4. Department of Architecture, Built Environment and Construction Engineering, Polytechnic University of Milan, Piazza Leonardo da Vinci 32, 20133 Milan, Italy, gabriele.milani@polimi.it 


Masonry constructions are widely spread, especially in European countries. Most of them represent ancient constructions and constitute an invaluable part of the world’s architectural and historical heritage. They are distinguished by different geometric shapes and architectural details and a wide variety of material arrangements and mechanical properties. Due to the old building period, in many cases, masonry structures experienced severe deterioration processes which increased the structure vulnerability to seismic events. They have drawn the attention of the scientific community over the past decades and great efforts were devoted to developing efficient and accurate procedures to assess the structural performances of these constructions. In this regard, the main aim is to evaluate their actual load-carrying capacities and safety level, accounting for the change in the life service conditions and the material deterioration that have occurred since they have been built, and possibly design the repair and strengthening interventions. 

Several approaches have been proposed and applied for the analysis of masonry structures, both unreinforced and strengthened, ranging from empirical to analytical and computational procedures. However, numerical modelling techniques are the most adopted nowadays, thanks to the increasing availability of computational tools and the continuous advancements in numerical methods for structural analysis. A variety of finite element formulations have been developed, adopting various nonlinear constitutive laws capable of describing the main nonlinear mechanisms evolving in masonry structures, as well as discrete elements and macro-element approaches have been put forward, just to mention the most spread. 

A suitable criterion for classifying masonry modelling approaches relies on the scale at which masonry is analyzed, distinguishing between micromechanical, macromechanical, and multiscale models, but also other criteria can be adopted. 

The aim of the proposed mini symposium is to collect the most recent research contributions on these topics and to discuss the current and future developments.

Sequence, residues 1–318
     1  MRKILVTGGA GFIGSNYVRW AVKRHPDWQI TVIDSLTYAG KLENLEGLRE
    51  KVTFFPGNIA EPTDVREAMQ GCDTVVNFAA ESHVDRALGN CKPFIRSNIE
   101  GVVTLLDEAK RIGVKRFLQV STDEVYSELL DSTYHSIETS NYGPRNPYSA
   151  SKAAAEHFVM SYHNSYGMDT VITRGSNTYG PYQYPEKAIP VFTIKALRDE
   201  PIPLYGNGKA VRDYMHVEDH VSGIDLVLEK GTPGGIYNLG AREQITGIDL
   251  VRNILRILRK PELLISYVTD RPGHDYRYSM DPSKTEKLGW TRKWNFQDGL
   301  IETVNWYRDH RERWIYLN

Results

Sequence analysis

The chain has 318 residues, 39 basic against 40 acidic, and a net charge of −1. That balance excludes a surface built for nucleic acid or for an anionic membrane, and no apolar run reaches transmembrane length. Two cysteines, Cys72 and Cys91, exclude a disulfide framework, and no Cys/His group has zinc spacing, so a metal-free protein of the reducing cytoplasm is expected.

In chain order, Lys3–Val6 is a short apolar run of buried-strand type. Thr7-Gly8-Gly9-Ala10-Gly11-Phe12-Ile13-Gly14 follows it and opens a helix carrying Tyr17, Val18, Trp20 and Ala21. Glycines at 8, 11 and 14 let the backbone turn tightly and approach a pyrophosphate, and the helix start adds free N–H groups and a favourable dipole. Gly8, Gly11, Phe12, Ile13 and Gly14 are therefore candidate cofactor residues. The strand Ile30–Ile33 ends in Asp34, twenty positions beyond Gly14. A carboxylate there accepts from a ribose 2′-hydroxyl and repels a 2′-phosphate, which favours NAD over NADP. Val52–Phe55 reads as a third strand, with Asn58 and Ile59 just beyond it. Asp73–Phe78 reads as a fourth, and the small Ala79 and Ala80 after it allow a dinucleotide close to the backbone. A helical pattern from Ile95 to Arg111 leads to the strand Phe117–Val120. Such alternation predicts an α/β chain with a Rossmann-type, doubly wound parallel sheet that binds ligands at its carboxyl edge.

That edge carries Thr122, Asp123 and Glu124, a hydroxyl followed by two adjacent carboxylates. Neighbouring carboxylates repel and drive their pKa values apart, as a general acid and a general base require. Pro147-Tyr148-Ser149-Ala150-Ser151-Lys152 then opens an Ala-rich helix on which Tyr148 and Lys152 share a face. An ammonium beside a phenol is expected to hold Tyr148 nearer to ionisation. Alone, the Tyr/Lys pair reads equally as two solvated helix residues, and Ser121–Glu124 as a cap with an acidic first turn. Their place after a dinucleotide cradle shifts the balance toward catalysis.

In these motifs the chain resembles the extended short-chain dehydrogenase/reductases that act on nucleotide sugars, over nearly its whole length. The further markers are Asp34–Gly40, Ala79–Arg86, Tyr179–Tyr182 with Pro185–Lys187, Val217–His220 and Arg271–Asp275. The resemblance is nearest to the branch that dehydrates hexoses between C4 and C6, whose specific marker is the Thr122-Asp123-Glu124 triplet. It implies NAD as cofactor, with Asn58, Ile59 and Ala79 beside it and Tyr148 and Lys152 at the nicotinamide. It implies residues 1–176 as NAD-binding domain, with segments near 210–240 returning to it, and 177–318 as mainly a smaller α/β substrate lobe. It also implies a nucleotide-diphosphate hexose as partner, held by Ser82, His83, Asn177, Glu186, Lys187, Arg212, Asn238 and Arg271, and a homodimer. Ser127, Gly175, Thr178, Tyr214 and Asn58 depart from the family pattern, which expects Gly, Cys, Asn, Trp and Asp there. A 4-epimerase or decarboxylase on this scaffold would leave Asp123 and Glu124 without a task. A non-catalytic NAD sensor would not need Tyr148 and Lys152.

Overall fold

• Roca, M. Cervera, G. Gariup and L. Pelà, “Structural Analysis of Masonry Historical Constructions. Classical and Advanced Approaches”, Arch. Computat. Methods Eng., Vol. 17, pp. 299–325, (2010). 
  • Sacco, D. Addessi, and K. Sab, “New trends in mechanics of masonry”, Meccanica, Vol. 53, pp. 1565–1569, (2018). 
  • D’Altri, A.M., Sarhosis, V., Milani, G. et al., “Modeling Strategies for the Computational Analysis of Unreinforced Masonry Structures: Review and Classification”, Arc Computat Methods Eng 27, 1153–1185, (2020).

Proposed by GADeS, Gruppo Aimeta di Dinamica e Stabilità

The AIMETA group of Dynamics and Stability – GADeS – promotes two mini-symposia with the aim of improving the scientific interaction between researchers from different backgrounds, operating in the fields of Applied Mathematics and Dynamical Systems, Applied Mechanics and Machine Dynamics, Solid and Structural Dynamics, independently from the scientific sector, thus in coherence with the AIMETA's statutory spirit.


Francesco D’Annibale*, Manuel Ferretti* and Maurizio Romeo**

* DICEAA, University of L’Aquila
** DIMA, University of Genoa

The proposed mini-symposium offers multi-disciplinary topics; a non-exhaustive list includes:

  • Linear and nonlinear dynamics of mechanical systems
  • Dynamics, stability and bifurcation of complex materials and structures: micro-structured and architectured materials, periodic structures, homogenized lattices and metamaterials
  • Micro e Nano dynamical systems
  • Buckling and post-buckling of structures
  • Nonconservative stability problems in structural mechanics
  • Thermodynamics of viscoelastic media
  • Electro-elastic coupling in continuum mechanics
  • Wave propagation: dispersive laws, dissipation


Francesco Pellicano*, Giuseppe Piccardo** and Daniele Zulli***

* Department of Engineering "Enzo Ferrari", University of Modena and Reggio Emilia
** DICCA, University of Genoa
*** DICEAA, University of L’Aquila

The proposed mini-symposium offers multi-disciplinary topics; a non-exhaustive list includes:

  • Chaotic systems and complexity
  • Fluid-structure interactions
  • Non-smooth systems
  • Inverse problems, identification, optimization, model updating
  • Nonlinear time series analysis
  • Active, passive, semi-active and hybrid control
  • Vibration analysis, control and isolation
  • Discretization, meshless, sub-structuring and modal reduction methods
  • Friction-induced vibrations
  • Materials with memory: mechanical & thermodynamic behavior
  • Bio-inspired materials and devices
  • Piezoelectric systems


Andrea Bacigalupo1, Francesco Dal Corso2, Maria Laura De Bellis3, Andrea Piccolroaz2